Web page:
Confidence among American consumers unexpectedly slumped in March, which may signal a cooling in spending, the biggest part of the economy.
The Thomson Reuters/University of Michigan preliminary sentiment index for March fell to 71.8, the lowest level since December 2011, from 77.6 in February. The gauge was projected to increase to 78, according to the median estimate of 67 economists surveyed by Bloomberg.
Concern may be starting to mount over the damage that automatic across-the-board federal spending cuts will cause the economy and hiring. That may keep tempering optimism created by record stock prices, a hiring pickup, and a housing rebound that have so far helped propel bigger-than-forecast gains in spending.
“There was a little bit of a sequester-news related dip in confidence,” said Jim O’Sullivan, chief U.S. Economist at High Frequency Economics in Valhalla, New York. “Certainly on the minus side you have fiscal tightening, but on the plus side you’ve got the improving labor market.”
Forecasts ranged from 70 to 82.5, according to the Bloomberg survey. The index averaged 64.2 during the recession ended in June 2009, and 89 in the five years prior to the 18-month slump.
Stocks fell after the report. The Standard & Poor’s 500 Index dropped 0.4 percent to 1,557.21 at 10:14 a.m. in New York.
The Michigan survey’s current conditions index, which measures whether Americans think it’s a good time to make big investments and gauges consumers’ view of their personal finances, dropped to a preliminary 87.5 in March from 89 in February.
The preliminary index of expectations six months from now, which more closely projects the direction of consumer spending, slumped to 61.7 in March, the lowest since November 2011, from 70.2 the month before.
Consumers in today’s confidence report said they expect an inflation rate of 3.3 percent over the next 12 months, the same as in the prior two months. Over the next five years, Americans expected a 2.9 percent rate of inflation, down from February’s 3 percent.
Today’s report runs counter to other measures. Bloomberg’s Consumer Comfort Index has risen for six straight weeks to reach its highest level since April.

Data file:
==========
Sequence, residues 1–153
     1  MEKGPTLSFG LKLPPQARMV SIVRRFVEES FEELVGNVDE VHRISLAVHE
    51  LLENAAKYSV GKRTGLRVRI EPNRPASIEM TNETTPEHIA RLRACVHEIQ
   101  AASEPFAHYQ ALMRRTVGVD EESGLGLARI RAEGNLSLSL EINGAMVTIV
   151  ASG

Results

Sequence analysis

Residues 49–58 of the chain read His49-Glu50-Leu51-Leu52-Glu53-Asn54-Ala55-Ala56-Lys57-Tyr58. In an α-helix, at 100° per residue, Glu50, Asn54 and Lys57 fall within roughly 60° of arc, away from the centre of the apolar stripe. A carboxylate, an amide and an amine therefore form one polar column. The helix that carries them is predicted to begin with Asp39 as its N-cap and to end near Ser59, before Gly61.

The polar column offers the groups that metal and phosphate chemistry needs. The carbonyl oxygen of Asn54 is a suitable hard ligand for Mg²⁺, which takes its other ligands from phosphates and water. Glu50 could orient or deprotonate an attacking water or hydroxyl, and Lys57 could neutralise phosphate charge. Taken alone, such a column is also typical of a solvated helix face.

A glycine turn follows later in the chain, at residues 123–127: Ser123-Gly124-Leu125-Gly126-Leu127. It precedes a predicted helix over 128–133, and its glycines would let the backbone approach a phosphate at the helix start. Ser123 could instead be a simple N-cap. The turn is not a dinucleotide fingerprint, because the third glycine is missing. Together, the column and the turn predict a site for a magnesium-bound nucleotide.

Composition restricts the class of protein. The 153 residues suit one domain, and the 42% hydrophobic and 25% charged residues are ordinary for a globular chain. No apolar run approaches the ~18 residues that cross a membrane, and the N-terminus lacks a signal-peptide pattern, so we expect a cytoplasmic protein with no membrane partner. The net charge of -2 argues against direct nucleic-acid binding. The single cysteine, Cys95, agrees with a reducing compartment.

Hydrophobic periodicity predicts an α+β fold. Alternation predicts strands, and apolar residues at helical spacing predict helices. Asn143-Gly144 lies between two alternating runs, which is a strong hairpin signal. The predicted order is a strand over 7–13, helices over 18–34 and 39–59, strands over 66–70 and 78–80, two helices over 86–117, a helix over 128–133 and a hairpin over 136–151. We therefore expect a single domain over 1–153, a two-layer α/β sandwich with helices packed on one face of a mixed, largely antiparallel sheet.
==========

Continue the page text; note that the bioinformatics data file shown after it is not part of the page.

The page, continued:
The outlook for confidence may bear on whether recent strength in spending can be sustained. Retail sales increased 1.1 percent in February, double the median forecast of economists surveyed by Bloomberg and the most in five months, Commerce Department figures showed this week.
A better job outlook may be help underpin spending even as confidence wanes. Payrolls rose by 236,000 workers in February and the number of people let go in January dropped to the lowest level in records going back 12 years, according to figures from the Labor Department. The jobless rate dropped to a four-year low of 7.7 percent last month from 7.9 percent.
Also, the housing market rebound is boosting consumers’ net worth. The S&P/Case-Shiller index of property values in 20 U.S. cities increased 6.8 percent in December from the same month in 2011, the biggest year-to-year gain since July 2006.
Nonetheless, consumers are contending with a higher payroll tax. The levy that funds Social Security reverted to its 2010 level of 6.2 percent from 4.2 percent as of January, and an American who earns $50,000 is taking home about $83 less a month as a result.
Households are also facing higher fuel costs. The price of a gallon of regular gasoline is hovering around $3.70 after hitting a low of $3.22 on Dec. 19, according to figures from AAA, the largest U.S. auto group. At the same time, the price has fallen from a recent high of $3.79 on Feb. 26.
David C. Novak, chief executive officer of Louisville, Kentucky-based Yum! Brands Inc., which operates and franchises restaurants such as Taco Bell, KFC and Pizza Hut, said their research indicates consumers remain uneasy.
“Nobody is really taking a victory lap,” Novak said in a Mar. 13 presentation. “People want to have confidence, but I don’t think they necessarily have it.”